"After more Jews found their way to the Beje, Corrie realized that she needed extra ration cards, the only means by which people in Nazi-occupied countries could buy food. A man named Fred Koornstra kept Corrie supplied with extra radion cards. His developmentally disabled daughter had been attending Corrie's church services for 20 years and he worked in the Food Office, where ration cards were issued. Corrie shared these cards with others who were sheltering Jews and other refugees. Soon the Beje became the center of a network of local Resistance workers.
 
The Beje became a permanent home for several Jewish refugees and a temporary one for many more (never more than 12 at one time) who would pass through on their way to find a safer hiding place out in the country.
 
Members of larger Dutch Resistance network heard about the refugee work at the Beje and sent an architect to create a secret room adjacent to Corrie's bedroom, big enough to hide all the refugees living at the Beje at any one time. then an electrician was sent to install a buzzer warning system that would alert everyone to go to the secret room in the event of a Gestapo raid."
 
From "Corrie ten Boom: Watchmaker, Rescuer, Reconciler" from Women Heroes of World War II: 26 Stories of Espionage, Sabotage, Resistance, and Rescue.
 


Tuesday, April 21, 2015

US Army nurse veteran of the Ardennes Campaign recalls VE Day and beyond

Muriel Phillips Engleman, US Army nurse, next to a pillbox in Liege, Belgium, October, 1944, while waiting for the construction of her unit's tent hospital.
She and her unit would soon nurse Battle of the Bulge casualties.
 
 
I asked Muriel for her memories of VE Day and this is what she sent me:
 
"One word sums it up--we were euphoric. We knew it was coming but when the final realization of the signing of Germany's surrender set in, we couldn't contain our relief, at last the killings were over! The local Belgians swarmed around our hospital yelling "Fini la guerre!" (the war is over).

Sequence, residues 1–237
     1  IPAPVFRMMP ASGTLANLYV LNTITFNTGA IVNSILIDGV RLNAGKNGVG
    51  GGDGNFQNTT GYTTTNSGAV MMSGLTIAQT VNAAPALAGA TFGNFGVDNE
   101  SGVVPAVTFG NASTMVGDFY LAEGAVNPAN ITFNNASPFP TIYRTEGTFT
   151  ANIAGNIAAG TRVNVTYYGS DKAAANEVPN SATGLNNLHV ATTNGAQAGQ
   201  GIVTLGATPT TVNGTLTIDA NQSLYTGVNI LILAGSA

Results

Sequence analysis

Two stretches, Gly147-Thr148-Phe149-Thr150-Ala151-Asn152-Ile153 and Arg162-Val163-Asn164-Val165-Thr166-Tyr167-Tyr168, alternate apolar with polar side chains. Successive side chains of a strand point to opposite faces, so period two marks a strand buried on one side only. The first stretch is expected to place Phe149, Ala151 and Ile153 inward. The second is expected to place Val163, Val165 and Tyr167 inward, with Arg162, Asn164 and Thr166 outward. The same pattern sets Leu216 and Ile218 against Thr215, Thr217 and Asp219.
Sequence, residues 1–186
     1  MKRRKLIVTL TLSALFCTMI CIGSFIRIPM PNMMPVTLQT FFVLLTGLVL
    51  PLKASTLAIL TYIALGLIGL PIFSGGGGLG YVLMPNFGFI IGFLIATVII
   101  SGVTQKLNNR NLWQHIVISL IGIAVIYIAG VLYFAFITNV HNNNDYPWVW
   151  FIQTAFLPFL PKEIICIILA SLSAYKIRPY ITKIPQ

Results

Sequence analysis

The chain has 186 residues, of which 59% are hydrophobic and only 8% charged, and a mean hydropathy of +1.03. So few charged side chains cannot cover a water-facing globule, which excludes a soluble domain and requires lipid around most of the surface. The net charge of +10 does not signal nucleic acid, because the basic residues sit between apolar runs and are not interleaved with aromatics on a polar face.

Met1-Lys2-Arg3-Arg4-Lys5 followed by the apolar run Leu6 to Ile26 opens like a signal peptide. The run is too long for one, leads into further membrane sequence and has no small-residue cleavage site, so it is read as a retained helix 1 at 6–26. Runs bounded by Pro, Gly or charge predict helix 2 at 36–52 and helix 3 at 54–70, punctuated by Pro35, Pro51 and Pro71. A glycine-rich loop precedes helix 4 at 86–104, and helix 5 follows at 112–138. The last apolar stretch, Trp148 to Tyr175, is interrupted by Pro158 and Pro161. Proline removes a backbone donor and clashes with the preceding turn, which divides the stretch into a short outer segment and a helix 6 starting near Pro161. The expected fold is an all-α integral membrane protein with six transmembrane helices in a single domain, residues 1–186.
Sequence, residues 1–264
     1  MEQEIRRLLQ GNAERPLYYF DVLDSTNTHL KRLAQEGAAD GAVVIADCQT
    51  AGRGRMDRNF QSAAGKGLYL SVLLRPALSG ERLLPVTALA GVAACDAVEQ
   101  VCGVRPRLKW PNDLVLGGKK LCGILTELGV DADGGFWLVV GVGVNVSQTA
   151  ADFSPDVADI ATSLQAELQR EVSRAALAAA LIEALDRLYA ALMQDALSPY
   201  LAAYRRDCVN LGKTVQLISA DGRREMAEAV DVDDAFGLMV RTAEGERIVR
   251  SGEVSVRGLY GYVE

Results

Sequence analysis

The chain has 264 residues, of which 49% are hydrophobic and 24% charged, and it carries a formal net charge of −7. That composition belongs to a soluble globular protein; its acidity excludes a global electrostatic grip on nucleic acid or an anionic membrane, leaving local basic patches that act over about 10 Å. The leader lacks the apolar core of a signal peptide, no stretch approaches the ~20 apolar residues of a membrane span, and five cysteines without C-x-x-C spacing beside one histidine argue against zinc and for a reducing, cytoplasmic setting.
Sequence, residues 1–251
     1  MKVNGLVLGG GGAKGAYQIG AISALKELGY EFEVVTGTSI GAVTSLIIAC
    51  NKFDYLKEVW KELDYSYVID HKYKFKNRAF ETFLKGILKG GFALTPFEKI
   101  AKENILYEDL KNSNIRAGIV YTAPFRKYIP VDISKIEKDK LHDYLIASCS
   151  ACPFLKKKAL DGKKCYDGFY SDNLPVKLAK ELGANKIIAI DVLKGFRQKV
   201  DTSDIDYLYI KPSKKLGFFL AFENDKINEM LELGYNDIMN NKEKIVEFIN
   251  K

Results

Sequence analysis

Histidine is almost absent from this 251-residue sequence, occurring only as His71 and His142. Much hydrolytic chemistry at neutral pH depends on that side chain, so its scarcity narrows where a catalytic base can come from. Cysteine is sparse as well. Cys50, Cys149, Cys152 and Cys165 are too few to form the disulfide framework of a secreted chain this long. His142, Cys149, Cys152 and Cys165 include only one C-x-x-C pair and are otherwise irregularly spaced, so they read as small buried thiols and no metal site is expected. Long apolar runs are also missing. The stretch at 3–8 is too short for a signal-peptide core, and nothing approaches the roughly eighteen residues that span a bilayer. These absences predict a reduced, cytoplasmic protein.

And amidst my memories of that day are also feelings of guilt because of an  unkept date I had made with a recently released American POW officer, a patient in our hospital, who asked to see me that night in our officer's club tent and I agreed. However that afternoon the colonel of our hospital offered the use of a truck to take the nurses to the large officer's club in Liège to celebrate and I dearly wanted to be with my buddies, the women I had worked with through thick and thin the past three years, to celebrate with them. I never had a chance to contact the officer who wanted to date me that night and hopped on the truck along with the other nurses. Of course I felt guilty for "standing him up," especially after him being a POW of the Germans for several months and he was so happy to be free and dating an American woman.

Then, a few days later, when  reality of the war being over settled in, came the haunting thoughts that the war with Japan was still going on and instead of heading for home, we'd end  up getting shipped to the CBI (China, Burma, India Theatre of Operations)...

The months between May and August: in June we received orders to move back to Chalons-sur-Marne in France and run a hospital there in an old French riding caserne, and I was working with 600 Kraut POW's. They figured that because i was Jewish I could speak Yiddish, similar to German but of course, I couldn't speak a word. I did learn how to say "haben zie schmertzen?" (have you pain? and" Vo is die schmertzen"--where is the pain. The patients were between the ages of 14 and 67, and the big blonde arrogant SS Troopers weren't so arrogant at this point. Chalons was a horrible dust bowl  town, nothing to do on our days off unless we took an overnight and hitched a ride on a truck to Rheims , the champagne center and there was a nurses R & R building there, and shopping and sights to see.

In Sept. they sent us on a week's leave just to kill time and I went to Switzerland and then they moved us to a staging area to get ready for the trip back to the U.S. and the waiting was horrible, nothing to do in these staging areas, usually out in the boondocks, read, stay in bed, nothing much to explore or transportation for exploring and the  rumors flew thick and fast.
 
Our luggage was sent to Marseille but we finally left from le Havre (and our luggage arrived there eventually also) and we sailed out about mid Nov. for the  U.S. Slowly passing the Statue of Liberty about  6;30+ a.m. was the most beautiful sight in the world and there wasn't a dry eye aboard that ship of thousands of returning servicemen and women."

 
 
Muriel has written a memoir, which includes eleven chapters regarding her wartime experience, called Mission Accomplished: Stop the Clock. Her story is also included in the young adult collective biography, Women Heroes of World War II.

 


Tuesday, September 23, 2014

Noor Inayat Khan: The Gestapo Closes in